Suez Canal Bank (SCB) reported a bottom line of EGP 115m at the end of the first quarter (Q1) of 2018, still 2.5% more year-over-year (y-o-y), and 36% higher quarter-over-quarter (q-o-q), according to Beltone Financial, which issued a report analysing the performance of 10 banks operating in Egypt.
According to the report, the relatively flat y-o-y earnings growth was a result of several factors, namely a 16% y-o-y drop in net interest income (NII) to EGP 204m coupled with a 33% y-o-y jump in admin expenses to EGP 166m, while cost-to-income (CTI) stood at 45% (+6% y-o-y).
“This has overshadowed a strong 63% y-o-y jump in non-interest income to EGP 131m. On a sequential basis, however, SCB’s earnings were boosted by higher fees (+60% q-o-q) and investment income (+49% q-o-q) in addition to lower effective tax rate (37% vs 43% the preceding quarter), compensating for lower NII (-7% q-o-q),” the report read, adding that if the bank’s earnings continue to grow at the same pace over the coming three quarters of 2018, they will likely meet Beltone’s fiscal year (FY) 2018 estimate of EGP 483m.
The report stated that SCB’s net interest margin (NIM) weakened significantly, dropping 140 basis points (bps) y-o-y and 39 bps q-o-q to come in at 213 bps. NIM contraction has been a function of higher cost of funds on a y-o-y basis (+260 bps) and weaker asset yields (especially treasury) on a q-o-q basis (82 bps).
It added that SCB’s deposit growth has been outpacing its asset growth, which partially explains the
massive y-o-y jump in cost of funds. Moreover, treasury yields softened significantly in Q1 2018 versus July 2017’s levels (-450 bps), which pushed the bank’s asset yields down.
Beltone explained that gross loans contracted 2.2% q-o-q (+0.6% y-o-y) to EGP 15bn as the bank’s foreign currency (FCY) loan book (46% of total loans) continued to weaken (-10% q-o-q, -26% y-o-y), overshadowing a 6% q-o-q (+44% y-o-y) jump in local currency (LCY) loans, noting that syndicated loans have been contributing the bulk of the bank’s loan growth over the past year (representing 24% of corporate loans).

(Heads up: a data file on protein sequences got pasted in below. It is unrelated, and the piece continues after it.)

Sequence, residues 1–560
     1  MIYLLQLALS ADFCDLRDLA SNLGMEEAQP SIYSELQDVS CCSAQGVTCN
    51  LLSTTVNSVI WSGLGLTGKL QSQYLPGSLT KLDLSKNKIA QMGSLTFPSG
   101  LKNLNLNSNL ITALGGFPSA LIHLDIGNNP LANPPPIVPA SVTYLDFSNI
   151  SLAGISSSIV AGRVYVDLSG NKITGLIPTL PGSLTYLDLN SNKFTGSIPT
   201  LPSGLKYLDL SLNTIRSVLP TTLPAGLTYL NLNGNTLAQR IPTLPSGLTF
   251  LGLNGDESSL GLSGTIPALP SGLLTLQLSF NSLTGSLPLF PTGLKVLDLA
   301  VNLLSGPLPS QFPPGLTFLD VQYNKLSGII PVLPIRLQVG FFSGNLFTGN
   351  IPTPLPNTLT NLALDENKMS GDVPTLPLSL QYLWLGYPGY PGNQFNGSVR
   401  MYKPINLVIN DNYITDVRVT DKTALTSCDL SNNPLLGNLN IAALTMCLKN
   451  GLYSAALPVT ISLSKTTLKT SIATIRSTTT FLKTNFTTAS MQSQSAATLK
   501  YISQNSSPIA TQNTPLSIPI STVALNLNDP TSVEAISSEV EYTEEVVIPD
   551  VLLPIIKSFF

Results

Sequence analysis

“SCB has been investing the bulk of its excess liquidity in interbank deposits (specifically the Central Bank of Egypt (CBE) deposits). Customer deposits grew 3% q-o-q (+39% y-o-y) to EGP 32bn, driven by growth in both LCY (+2% q-o-q) and FCY deposits (+7% q-o-q), whereby the latter comprised about 30% of deposits,” the report explained.
Furthermore, SCB asset quality improved, according to Beltone, with non-performing loans (NPL) going down 10% q-o-q (-38% y-o-y) to EGP 4.8m. The NPL ratio reached 32% in March 2018 versus 35% in December 2017 and 52% in March 2017, while provisions coverage remained almost flat at 86% q-o-q.
The report said that the bank’s capitalisation weakened this quarter, with the capital adequacy ratio (CAR) dropping to 12.1% versus 12.5% in December 2017. Beltone highlighted expectations that SCB will raise subordinated debt imminently given its subpar CAR levels.
Established in 1978, SCB is jointly owned by Arab International Bank (41.5%) and Libyan Foreign Bank (27.7%). The bank operates through 36 branches and has 1,170 employees, with an asset market share of 0.8%.
The bank primarily caters to medium-sized corporations, with plans to widen its exposure to the retail segment. Suez Canal Bank has been struggling with a provisioning gap, which led the bank to report zero profits from 2010 to 2015.
Yet, in 2017, the bank experienced growth in earnings, reporting a net profit of EGP 356m (+70% y-o-y), deposits of EGP 31.3bn (+30% y-o-y), and gross loans of EGP 15.4bn (-4% y-o-y).
SCB has been focused on bringing down its high NPL ratio and improving its coverage, which reached 35% and 86% respectively in December 2017.
Beltone said that it has a fair value (FV) estimate of EGP 15.13 per share for SCB, derived using a discounted equity cash flow (DECF) valuation.